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Arguably the First Famous Writer from truly Working Class Origins
David Herbert Lawrence was the son of a former school teacher and a Nottinghamshire coalminer, brought up in the small mining community of Eastwood at a time when modern industry began transforming the East Midlands countryside.
He made his debut as a novelist in 1911 with The White Peacock with settings that were heavily inspired by the local Nottinghamshire countryside.
Lawrence's best known works are his novels, Sons & Lovers, The Rainbow and the controversial Lady Chatterley's Lover. Their style, language and frank treatment of subjects such as female sexuality changed the face of English literature and can still court controversy today. Lady Chatterley’s Lover became the centre of a famous indecency trial, marking an important transition in public views on censorship and the arts.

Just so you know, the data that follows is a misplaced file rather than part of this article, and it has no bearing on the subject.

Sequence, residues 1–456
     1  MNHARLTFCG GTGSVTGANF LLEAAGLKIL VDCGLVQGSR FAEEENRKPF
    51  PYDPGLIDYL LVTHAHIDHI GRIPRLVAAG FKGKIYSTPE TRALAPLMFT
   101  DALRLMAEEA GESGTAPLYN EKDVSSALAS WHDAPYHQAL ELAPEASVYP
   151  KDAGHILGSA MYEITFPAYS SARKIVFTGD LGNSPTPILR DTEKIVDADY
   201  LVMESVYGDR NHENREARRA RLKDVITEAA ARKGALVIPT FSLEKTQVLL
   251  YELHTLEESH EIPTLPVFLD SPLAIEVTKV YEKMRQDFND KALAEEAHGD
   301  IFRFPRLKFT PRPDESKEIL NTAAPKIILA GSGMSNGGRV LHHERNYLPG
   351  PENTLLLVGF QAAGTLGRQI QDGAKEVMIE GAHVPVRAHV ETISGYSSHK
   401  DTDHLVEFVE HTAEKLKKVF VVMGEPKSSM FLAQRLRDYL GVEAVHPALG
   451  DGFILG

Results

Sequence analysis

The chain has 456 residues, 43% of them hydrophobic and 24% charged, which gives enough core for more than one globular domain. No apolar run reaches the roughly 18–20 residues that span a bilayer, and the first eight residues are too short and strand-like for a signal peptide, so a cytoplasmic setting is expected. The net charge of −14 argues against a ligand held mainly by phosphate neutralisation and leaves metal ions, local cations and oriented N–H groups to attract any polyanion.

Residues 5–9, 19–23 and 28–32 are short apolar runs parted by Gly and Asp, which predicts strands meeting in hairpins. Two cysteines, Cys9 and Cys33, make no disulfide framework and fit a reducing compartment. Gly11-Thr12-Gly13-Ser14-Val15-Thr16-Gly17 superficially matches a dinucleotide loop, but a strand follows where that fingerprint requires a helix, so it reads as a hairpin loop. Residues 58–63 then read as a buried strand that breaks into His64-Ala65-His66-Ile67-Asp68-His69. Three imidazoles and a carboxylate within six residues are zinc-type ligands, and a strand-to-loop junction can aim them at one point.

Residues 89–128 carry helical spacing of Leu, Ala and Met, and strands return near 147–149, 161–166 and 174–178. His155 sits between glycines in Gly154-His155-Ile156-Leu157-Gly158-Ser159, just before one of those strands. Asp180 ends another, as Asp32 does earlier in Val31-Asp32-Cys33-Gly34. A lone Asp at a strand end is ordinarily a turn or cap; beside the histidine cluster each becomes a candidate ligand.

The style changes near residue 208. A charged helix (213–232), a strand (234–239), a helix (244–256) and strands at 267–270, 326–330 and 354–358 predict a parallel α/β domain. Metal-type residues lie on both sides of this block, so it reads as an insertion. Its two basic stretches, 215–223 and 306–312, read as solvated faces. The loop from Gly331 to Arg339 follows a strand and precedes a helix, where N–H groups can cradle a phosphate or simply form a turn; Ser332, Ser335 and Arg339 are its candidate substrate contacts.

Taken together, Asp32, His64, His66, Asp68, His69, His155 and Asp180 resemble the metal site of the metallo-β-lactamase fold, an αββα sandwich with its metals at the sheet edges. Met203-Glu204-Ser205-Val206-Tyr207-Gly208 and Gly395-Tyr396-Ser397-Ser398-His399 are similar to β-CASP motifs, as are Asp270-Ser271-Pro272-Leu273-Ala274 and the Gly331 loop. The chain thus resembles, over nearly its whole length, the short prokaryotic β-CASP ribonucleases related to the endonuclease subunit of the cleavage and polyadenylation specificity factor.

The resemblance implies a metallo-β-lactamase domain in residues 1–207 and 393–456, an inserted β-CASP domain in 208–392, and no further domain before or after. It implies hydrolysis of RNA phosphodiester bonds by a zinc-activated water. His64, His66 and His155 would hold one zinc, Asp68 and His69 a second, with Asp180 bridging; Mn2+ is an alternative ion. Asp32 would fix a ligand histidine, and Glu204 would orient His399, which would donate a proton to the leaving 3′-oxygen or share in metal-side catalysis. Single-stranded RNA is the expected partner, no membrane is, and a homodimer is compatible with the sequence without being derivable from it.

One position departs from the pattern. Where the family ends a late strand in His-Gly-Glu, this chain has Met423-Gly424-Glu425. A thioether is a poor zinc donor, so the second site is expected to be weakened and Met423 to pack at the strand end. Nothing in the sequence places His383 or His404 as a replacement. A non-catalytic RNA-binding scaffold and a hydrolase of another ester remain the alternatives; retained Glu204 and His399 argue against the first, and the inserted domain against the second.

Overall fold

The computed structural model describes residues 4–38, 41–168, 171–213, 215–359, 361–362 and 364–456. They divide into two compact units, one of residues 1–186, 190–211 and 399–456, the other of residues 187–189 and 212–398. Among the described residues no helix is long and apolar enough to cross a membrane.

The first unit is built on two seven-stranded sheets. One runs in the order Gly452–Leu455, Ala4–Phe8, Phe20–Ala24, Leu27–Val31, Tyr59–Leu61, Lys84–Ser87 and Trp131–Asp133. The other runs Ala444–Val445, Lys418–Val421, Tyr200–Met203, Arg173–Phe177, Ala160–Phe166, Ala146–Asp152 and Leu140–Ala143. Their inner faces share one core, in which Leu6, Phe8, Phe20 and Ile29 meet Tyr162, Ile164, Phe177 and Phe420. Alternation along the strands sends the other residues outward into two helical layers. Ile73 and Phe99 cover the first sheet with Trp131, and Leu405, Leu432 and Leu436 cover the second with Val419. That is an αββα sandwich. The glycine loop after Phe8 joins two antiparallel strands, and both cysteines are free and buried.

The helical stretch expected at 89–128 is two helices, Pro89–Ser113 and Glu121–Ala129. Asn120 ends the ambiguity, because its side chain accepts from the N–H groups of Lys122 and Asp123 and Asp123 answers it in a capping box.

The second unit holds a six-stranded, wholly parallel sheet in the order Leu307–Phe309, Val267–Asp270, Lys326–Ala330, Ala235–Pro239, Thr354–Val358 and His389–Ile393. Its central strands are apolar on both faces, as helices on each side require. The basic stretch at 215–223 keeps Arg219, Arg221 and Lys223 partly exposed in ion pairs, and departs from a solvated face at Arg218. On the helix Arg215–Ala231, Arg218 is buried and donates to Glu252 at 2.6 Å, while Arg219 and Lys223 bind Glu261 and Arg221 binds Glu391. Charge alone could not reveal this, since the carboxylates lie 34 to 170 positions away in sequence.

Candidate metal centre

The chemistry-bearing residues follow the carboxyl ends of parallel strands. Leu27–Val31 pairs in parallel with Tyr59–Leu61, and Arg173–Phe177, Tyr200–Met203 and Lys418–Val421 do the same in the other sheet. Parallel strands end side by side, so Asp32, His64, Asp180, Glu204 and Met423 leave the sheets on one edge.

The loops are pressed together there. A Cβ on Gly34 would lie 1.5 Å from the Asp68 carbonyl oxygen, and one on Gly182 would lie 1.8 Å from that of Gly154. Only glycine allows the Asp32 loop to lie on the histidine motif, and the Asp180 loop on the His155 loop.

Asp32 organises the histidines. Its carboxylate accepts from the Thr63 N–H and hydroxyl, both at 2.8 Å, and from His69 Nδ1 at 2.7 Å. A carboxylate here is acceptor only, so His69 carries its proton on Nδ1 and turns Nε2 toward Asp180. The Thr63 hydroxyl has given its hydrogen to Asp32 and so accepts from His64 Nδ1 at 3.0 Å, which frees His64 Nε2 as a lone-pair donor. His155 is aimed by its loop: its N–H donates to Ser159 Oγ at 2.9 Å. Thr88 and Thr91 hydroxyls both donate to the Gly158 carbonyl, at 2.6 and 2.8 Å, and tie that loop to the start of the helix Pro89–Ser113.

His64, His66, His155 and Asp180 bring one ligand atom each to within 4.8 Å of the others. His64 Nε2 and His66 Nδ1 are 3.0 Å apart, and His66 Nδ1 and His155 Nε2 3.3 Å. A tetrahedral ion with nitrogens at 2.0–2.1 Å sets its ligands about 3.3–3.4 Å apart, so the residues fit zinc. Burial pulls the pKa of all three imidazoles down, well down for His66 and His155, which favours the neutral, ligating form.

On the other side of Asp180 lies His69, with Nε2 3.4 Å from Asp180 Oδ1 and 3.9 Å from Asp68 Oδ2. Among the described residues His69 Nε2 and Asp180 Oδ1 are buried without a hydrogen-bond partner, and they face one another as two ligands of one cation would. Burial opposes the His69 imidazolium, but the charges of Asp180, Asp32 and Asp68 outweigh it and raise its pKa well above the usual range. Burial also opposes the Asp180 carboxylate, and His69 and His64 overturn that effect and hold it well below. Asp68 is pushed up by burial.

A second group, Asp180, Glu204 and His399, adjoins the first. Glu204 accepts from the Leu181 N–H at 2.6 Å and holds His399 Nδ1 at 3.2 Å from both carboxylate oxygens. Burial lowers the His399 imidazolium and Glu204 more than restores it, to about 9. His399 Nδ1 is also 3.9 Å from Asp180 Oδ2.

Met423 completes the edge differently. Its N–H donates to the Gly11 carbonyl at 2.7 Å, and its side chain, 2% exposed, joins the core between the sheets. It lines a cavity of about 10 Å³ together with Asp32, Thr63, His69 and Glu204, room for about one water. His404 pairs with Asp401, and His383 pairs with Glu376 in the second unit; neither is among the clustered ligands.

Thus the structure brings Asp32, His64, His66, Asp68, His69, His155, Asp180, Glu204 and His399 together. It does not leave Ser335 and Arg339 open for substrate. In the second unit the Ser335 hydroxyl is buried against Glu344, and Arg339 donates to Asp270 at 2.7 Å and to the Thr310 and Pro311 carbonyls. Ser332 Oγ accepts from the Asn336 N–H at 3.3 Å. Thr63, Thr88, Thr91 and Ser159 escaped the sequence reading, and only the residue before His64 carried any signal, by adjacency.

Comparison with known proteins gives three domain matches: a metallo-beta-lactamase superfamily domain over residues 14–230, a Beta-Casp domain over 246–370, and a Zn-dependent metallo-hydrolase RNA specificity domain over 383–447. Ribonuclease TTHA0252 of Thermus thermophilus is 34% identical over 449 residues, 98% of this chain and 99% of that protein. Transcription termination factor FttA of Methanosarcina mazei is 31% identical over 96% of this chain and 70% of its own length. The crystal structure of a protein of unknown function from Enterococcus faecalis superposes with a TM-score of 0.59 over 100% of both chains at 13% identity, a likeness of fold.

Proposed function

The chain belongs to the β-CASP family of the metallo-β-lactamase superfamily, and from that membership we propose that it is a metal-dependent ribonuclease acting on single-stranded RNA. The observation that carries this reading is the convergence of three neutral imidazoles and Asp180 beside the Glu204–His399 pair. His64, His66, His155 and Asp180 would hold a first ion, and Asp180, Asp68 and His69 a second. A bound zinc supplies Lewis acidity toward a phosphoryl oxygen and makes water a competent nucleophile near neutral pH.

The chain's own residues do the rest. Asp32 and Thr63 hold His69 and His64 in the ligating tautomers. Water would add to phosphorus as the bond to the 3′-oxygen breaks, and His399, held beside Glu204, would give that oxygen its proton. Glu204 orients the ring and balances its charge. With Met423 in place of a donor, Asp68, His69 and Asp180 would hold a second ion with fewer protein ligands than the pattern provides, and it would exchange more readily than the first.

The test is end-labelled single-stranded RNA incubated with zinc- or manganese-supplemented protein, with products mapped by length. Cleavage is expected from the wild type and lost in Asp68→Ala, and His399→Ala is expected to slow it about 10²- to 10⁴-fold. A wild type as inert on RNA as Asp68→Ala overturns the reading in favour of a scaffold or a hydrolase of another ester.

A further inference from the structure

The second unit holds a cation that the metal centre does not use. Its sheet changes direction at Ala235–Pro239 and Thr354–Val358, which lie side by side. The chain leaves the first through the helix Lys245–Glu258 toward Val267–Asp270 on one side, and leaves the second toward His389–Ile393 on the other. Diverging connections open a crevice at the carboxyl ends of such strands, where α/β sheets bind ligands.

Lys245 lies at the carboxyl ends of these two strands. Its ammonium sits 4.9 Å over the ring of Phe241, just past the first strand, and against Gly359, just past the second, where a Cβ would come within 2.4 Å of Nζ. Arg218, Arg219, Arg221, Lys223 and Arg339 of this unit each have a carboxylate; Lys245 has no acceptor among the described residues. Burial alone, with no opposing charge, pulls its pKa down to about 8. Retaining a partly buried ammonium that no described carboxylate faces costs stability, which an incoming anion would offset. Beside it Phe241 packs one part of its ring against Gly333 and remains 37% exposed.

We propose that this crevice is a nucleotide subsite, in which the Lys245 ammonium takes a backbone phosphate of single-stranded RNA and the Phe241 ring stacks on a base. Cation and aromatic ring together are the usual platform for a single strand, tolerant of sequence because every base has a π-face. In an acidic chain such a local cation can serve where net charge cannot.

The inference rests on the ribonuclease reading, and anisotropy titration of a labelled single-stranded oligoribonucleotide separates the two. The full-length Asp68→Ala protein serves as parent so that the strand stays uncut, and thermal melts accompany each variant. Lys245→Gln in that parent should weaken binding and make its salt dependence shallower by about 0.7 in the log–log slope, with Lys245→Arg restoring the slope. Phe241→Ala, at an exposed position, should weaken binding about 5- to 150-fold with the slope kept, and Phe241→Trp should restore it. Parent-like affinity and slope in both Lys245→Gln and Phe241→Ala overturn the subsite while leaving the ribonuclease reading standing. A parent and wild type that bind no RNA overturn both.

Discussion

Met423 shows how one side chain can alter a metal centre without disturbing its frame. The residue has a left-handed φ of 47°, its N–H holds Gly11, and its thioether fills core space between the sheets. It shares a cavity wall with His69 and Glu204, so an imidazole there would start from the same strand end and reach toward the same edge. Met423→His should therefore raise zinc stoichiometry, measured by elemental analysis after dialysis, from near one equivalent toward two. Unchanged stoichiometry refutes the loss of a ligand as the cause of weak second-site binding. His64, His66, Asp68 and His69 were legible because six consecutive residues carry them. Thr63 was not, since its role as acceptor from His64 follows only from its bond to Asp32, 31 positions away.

Lawrence also wrote poetry, short stories and essays, painted, and travelled widely in Europe, Mexico and Australia. However, the writer retained a deep feeling for his native Nottinghamshire – which he referred to as "the country of my heart".
Walk in Lawrence’s footsteps in Eastwood by downloading the Blue Line Trail, and explore the countryside that inspired novels such as the Women in Love and Lady Chatterley's Lover. Find out more below.